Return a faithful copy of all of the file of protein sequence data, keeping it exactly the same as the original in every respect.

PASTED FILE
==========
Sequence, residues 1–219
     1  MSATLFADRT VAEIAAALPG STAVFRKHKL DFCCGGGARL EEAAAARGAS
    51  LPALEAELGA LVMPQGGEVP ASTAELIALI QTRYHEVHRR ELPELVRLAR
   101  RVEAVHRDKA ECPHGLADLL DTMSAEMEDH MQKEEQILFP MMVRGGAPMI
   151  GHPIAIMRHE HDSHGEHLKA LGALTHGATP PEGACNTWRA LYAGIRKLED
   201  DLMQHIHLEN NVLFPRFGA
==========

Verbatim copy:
Sequence, residues 1–219
     1  MSATLFADRT VAEIAAALPG STAVFRKHKL DFCCGGGARL EEAAAARGAS
    51  LPALEAELGA LVMPQGGEVP ASTAELIALI QTRYHEVHRR ELPELVRLAR
   101  RVEAVHRDKA ECPHGLADLL DTMSAEMEDH MQKEEQILFP MMVRGGAPMI
   151  GHPIAIMRHE HDSHGEHLKA LGALTHGATP PEGACNTWRA LYAGIRKLED
   201  DLMQHIHLEN NVLFPRFGA